Tuesday, May 02, 2006

bolivia & brussels. . .

woke up this morning, just really hungry, so i leapt outta bed to snack on some concord grapes. when my eye fell upon peter g's counterculture bolivia caranavi. . .

the next thing i knew, this caranavi was brewing my little cafetiére. pressed, it was still crisp, nutty, and very vanilla -- with fantastic body for an andean coffee.

fine, fine, fine! my husband's slipped disk is much better now; thanks for the email asking.

while we were talking yesterday -- for some unknown reason -- the subject of brussels sprouts emerged. of course, most people know that they loathe these little cabbages on their wacky stalks.

some sites insist the sprout was developed in northern europe; others insist it was grown by the ancient romans and brought north by them.

whatever. what's crucial to know is these babies, often associated with a nasty bitter flavor and an ugly cooking smell, can actually be good. if you get 'em small and young and early.

the italians understand this -- a big cabbage is a cavolo, a brussels sprout's a cavolini -- and they make them into soup and saute them in butter to serve with parmesan.

(the french also do something similiar, by separating out each little leaf(!), sauteeing them in brown butter, and topping 'em with cheese. for a long time this was the only way i liked 'em.)

however, they also serve them as a salad, with cheese and speck, which is basically a smoked prosciutto.

for some reason this appealed to me yesterday after my husband and i had talked about it, so i ran down to my local upscale market and got some fresh sprouts, 1 lb. i also picked up a bunch of thyme, some curly endive, and i already had a meyer lemon around the house.

like all italian things, this is so simple to do. i made this all up while listening from the kitchen to casablanca (really, one of the best movie scripts ever):

1 lb. small, fresh, early brussels sprouts
5 large white mushroom caps (the kind you get for stuffing) or cremini
1/4 lb. chunk good parmesan
1/4 lb. speck
fresh thyme
1 or 2 meyer lemons (or normal lemons if that's all you can get)
1/3 - 1/2 c. extra-virgin olive oil
1/2 salt, or more to taste
fresh ground black pepper

take out your favorite big chef knife (mine's a 10" wusthof, or you could use a mandoline) and halve each sprout lengthwise, trimming a little off the bottom if it's brown or hard.

discard any bruised or ugly leaves. slice each half as finely as you can, into mere slivers.

this will give you a large pile of stuff that looks strangely like mini-coleslaw, but instead of being damp and nasty, will be suprisingly delicate and lacy-looking, in pretty spring-like shades of green.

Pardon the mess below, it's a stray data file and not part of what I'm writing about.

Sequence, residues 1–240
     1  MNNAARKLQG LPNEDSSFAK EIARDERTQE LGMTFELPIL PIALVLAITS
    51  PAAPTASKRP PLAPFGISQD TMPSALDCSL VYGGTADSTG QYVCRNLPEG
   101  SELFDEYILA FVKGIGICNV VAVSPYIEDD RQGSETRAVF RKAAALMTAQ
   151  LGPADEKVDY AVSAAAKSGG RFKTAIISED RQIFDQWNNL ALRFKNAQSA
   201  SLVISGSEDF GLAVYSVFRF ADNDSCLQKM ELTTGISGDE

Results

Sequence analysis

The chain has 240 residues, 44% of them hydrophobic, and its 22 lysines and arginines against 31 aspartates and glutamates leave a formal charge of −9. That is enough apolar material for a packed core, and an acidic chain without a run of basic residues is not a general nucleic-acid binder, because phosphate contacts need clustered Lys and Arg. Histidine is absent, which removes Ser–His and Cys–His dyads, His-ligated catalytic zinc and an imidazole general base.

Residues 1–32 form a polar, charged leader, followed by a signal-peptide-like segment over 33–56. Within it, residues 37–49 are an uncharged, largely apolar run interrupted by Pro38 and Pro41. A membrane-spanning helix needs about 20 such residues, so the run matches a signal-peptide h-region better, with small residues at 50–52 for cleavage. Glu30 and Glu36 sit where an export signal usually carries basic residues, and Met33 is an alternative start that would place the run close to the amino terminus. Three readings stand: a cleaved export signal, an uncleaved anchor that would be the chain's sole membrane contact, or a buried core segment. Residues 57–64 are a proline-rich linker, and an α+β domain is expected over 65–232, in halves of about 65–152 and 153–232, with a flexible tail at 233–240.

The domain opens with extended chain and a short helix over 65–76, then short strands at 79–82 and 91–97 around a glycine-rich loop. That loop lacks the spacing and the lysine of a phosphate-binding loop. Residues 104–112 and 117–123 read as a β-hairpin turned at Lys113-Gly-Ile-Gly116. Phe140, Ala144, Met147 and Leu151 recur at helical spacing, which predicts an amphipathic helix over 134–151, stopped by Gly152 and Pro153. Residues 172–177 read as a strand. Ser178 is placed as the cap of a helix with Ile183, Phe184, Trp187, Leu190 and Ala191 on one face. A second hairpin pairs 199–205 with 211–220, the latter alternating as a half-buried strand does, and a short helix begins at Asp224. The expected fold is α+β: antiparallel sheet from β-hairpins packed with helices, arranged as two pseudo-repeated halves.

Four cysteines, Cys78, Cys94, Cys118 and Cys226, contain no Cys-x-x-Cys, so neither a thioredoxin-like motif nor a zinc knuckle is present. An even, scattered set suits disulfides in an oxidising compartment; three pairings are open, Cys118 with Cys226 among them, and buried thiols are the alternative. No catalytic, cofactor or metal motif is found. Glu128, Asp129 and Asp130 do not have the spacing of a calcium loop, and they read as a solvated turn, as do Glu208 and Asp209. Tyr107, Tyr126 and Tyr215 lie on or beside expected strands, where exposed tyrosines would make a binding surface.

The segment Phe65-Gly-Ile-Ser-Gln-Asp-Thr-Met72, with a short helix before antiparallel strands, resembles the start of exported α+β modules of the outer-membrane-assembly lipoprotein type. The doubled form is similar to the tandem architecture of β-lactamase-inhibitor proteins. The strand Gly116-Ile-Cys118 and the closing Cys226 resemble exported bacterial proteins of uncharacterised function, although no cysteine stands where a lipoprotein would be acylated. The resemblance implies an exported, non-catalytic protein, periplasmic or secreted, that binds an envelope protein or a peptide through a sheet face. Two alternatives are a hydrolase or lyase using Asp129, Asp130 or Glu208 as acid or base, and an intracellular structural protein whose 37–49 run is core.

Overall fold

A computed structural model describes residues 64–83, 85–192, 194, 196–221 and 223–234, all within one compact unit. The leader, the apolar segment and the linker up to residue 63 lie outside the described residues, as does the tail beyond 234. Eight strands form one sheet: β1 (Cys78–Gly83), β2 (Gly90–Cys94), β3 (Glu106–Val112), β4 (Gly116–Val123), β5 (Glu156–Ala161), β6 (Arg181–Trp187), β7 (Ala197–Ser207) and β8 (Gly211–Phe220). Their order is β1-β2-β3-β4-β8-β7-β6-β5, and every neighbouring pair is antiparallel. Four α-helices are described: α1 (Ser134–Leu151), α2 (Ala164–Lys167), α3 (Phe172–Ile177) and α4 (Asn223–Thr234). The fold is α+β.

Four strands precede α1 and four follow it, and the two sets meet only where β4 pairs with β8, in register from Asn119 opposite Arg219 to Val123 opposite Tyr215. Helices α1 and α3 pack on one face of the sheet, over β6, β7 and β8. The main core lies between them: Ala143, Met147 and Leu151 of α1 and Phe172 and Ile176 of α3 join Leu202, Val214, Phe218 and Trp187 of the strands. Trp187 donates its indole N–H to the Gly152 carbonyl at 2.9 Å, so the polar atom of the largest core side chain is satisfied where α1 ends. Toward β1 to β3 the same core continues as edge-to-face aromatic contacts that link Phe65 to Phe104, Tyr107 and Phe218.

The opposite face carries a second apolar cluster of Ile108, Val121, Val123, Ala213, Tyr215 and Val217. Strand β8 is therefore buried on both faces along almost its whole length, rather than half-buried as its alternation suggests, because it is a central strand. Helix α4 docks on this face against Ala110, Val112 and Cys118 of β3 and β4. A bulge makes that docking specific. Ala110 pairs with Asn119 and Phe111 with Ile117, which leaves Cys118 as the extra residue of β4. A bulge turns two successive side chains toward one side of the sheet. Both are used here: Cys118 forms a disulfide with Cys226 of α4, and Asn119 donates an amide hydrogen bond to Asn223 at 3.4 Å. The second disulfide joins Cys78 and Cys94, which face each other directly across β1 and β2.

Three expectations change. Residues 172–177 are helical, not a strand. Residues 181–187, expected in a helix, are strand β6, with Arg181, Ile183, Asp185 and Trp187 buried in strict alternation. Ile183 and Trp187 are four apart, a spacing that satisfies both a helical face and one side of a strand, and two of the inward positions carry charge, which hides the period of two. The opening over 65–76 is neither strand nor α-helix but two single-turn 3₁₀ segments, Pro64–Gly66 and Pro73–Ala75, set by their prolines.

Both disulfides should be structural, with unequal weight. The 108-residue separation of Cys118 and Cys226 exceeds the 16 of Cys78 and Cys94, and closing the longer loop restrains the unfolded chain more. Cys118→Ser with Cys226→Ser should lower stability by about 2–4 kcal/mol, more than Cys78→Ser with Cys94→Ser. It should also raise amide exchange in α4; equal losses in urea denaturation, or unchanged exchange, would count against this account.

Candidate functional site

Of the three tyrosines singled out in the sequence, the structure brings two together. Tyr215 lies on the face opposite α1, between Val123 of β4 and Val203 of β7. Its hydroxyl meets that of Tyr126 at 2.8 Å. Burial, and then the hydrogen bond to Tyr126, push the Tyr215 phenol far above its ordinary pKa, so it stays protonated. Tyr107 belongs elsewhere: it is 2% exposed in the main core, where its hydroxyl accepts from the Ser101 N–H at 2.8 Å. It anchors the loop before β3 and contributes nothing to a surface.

slice up the mushrooms vertically, also as thinkly as possible. gently put these together in a big dish.

you'll be surprised at how much there is.

now make up a little quick dressing -- squeeze the juice from your meyer lemon (my one lemon gave me 3 tablespoons juice) into a jar with a lid, and add the salt.

chop up a teaspoon or so of the fresh thyme leaves, and add to the juice. stir it all around so the salt dissolves. add 1/3 c. olive oil, put the lid on the jar, and shake to blend.

taste to see if you want more lemon juice, more salt, more thyme, more oil. . .make it so you like it.

pour this dressing over the sliced sprouts and mushrooms and toss with extreme care. there should be just enough to very lightly coat the mixture; you'll be garnishing the salad with a drizzle more oil, so don't add too much dressing at this stage.

i like to let this sit overnight so that the mushrooms absorb the lemon-thyme flavor. taste the salad to see if it needs a bit more salt, but remember that the parmesan and ham garnishes will be salty.

to serve, make a base of your curly endive or whatever green you like, scoop about 1/2 c. of the sprout salad on top of that.

nicely but with a casual air, drape over a slice of speck on top. on the speck, add a nice big shaving of parmesan.

drizzle this attractive heap -- think of it as a spring haystack -- with good extra-virgin olive oil, and as much fresh black pepper as you like.

this is a pretty way to showcase nice seasonal produce and trick your friends and family into eating healthy brussels sprouts.

having soaked overnight in lemon and thyme, with nice oil, the bitterness should be reduced greatly if not completely offset into a pleasing radish-like flavor. since you're not cooking them, the sprouts won't smell up your kitchen in a nasty way.

you can enjoy them for their crunchy texture, which should contrast nicely with the ham.

Tags: :: :: :: :: :: :: :: :: :: :: :: :: :: :: :: ::

posted by fortune | 8:23 AM | top | link to this | email this: | links to this post | | 0 comments

Links to this post:

Create a Link